Published on December 31st, 2021 | by MuzikScribe


The Mighty SoulMates: A Timeless Portrait



Please introduce for me the members of The Mighty SoulMates…

St. Paul Peterson (keyboardist in The Time and lead singer in Prince’s group The Family): I had the pleasure of recording with some of my musical heroes; Mic Murphy (he and David Frank were producing a Jeff Lorber record in New York City that I co-wrote. It was my first trip to NYC and I was GREEEEEN! He took good care of me). Andre Cymone, my fellow Prince alum…great producer, Minneapolis  legend, overall badass…and Gardner Cole, soulful singer, writer and the instigator of most of this.

Mic Murphy (co-creator / member of The System and The Jack Sass Band): I first met Andre Cymone while on the road as a tour manager for the band Kleeer on the Rick James / Prince Tour a.k.a. Funk Rock Tour of the Century! At the time I was just a guy with a briefcase backstage so no one in the Prince entourage gave me a second look, but for some unknown reason AC a.k.a. Andre Cymone carrying trumpet case offstage threw me a pound. Little did I know at the time that one day I would have the distinct honor of making music, and making a friendship with my ‘most flavorful brother.” Gardner Cole and I met when we were both writing tunes in L.A. for the late great Tony LeMans, and I was a fan of his writing and solo records. We hung out a few times and definitely made an early connection St. Paul and I first met – as he stated – while working on Jeff Lorber’s album; the song “Groovacious”…and then again on a writing trip for his solo record, we wrote another couple tunes.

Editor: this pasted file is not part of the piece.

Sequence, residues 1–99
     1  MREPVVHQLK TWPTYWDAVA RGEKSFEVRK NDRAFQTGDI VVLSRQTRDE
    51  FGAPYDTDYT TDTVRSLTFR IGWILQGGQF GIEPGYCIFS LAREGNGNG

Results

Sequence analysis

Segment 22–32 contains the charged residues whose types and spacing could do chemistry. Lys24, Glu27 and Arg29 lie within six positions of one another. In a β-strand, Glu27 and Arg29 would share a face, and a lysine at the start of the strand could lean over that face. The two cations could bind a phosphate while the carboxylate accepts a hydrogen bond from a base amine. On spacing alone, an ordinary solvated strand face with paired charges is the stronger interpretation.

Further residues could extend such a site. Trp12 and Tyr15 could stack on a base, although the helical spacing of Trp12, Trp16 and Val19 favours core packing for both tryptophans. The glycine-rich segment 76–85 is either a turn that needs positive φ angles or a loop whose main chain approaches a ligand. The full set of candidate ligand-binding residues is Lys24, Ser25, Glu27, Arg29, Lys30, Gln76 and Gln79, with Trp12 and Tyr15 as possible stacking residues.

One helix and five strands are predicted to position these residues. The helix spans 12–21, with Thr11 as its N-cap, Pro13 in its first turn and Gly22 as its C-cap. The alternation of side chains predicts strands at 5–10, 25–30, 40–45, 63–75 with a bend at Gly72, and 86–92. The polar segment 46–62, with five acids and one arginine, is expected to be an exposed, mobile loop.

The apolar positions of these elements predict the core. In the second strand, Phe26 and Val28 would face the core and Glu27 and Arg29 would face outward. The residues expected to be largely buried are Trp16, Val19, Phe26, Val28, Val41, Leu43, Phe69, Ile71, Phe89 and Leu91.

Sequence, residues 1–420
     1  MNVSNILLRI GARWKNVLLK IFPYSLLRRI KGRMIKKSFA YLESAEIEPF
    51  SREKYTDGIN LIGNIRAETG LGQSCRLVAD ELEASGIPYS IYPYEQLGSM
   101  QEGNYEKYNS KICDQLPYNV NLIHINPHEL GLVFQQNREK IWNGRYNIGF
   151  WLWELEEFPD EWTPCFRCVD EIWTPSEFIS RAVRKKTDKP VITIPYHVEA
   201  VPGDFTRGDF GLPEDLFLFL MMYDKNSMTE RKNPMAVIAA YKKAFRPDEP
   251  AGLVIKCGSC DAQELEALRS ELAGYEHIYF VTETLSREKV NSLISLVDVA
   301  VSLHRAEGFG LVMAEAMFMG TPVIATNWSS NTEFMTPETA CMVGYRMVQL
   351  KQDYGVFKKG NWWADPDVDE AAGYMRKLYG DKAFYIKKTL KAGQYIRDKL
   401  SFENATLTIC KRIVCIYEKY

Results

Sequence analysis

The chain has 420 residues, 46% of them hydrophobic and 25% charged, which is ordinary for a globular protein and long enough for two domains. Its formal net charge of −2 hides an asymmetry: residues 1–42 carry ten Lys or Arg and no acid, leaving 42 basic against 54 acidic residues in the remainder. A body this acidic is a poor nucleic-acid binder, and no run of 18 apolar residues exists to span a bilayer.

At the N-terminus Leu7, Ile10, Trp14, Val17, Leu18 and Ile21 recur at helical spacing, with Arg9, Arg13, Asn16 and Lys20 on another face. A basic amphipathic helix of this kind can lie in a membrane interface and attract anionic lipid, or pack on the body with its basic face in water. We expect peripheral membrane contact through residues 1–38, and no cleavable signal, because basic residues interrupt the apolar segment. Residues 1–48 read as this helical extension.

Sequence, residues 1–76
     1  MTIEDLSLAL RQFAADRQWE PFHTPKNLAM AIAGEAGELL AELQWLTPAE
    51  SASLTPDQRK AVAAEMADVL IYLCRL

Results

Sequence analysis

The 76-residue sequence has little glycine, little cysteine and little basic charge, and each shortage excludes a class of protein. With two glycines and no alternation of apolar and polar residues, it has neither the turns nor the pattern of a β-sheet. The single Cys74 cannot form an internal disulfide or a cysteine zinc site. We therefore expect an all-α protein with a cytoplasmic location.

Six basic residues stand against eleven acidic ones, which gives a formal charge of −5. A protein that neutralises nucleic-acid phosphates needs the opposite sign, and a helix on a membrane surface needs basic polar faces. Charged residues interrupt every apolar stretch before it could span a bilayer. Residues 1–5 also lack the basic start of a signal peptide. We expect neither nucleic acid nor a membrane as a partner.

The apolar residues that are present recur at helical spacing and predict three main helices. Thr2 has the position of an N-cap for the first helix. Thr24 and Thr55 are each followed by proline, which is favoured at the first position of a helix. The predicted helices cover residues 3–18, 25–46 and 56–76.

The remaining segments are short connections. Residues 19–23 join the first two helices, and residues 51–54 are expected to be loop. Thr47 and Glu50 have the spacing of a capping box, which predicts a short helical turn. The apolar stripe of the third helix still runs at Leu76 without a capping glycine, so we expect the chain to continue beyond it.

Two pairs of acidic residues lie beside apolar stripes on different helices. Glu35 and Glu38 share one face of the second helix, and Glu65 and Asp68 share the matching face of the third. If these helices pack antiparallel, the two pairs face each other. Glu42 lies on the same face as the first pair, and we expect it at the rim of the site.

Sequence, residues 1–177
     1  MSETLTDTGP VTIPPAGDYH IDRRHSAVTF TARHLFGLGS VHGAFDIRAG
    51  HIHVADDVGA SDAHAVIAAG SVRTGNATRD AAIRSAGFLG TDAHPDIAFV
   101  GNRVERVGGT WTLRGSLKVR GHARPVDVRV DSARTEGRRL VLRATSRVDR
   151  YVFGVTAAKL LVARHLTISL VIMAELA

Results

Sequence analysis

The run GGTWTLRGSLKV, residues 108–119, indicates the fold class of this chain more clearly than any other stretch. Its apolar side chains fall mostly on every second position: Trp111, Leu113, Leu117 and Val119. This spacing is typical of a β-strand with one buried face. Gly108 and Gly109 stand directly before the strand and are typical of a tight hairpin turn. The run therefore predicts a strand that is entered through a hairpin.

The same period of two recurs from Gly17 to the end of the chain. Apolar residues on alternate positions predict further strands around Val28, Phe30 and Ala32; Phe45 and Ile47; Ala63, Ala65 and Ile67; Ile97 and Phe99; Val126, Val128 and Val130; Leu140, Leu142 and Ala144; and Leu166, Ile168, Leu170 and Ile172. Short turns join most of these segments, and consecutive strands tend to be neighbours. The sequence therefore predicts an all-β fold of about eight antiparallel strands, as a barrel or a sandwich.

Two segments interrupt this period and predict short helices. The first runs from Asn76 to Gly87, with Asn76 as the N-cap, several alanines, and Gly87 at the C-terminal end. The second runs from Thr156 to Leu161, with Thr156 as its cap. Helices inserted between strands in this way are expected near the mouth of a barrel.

First things first, how did the four of you even come together to form this supergroup?

SPP: If memory serves me correctly – which 30 years later is questionable – Gardner pulled us all in.

MM: GC rang me up and asked me out to summer camp at his Woodland Hills crib. I was in NYC bored out of my bird! I was mid breakup with my ex, and definitely God threw me a musical life preserver.

André Cymone (artist, singer, songwriter, producer and original bass player with the artist known as Prince): A timeless portrait of life’s musical soundtrack, or a soundtrack in the key of life.

That being said, how would you all describe and / or define the style of music that you all create and perform? 

SPP: I think this was a transition period for a lot of us; I know it was for me. I was just coming off my last major label deal, and I was searching for what was “next.” That was a very vulnerable time for me, and this invitation couldn’t have come at a better time. I think we all brought our influences, which ranged from Funk to Pop to Rock to indie Punk…and we just brought what we had with no reservations, and it all worked.

MM: Four Funk Soul brothers doin’ what comes naturally. It seemed so natural and easy to incorporate our styles like we were born to it. It is of course the music of our roots sweating in sets in nightclubs. The vocal harmonies, the jams, the beats and rhythms; we painless & smooth and ain’t got nothing to prove!

AC: It’s hard to say, we all bring so much to the table. We all bring the Funk, we all bring an eclectic aura of sophistication. I guess I’m the blender, but again I could say that of all of us so…great question.

Now from individual standpoints, what do each of you bring to the table both personality wise and creatively?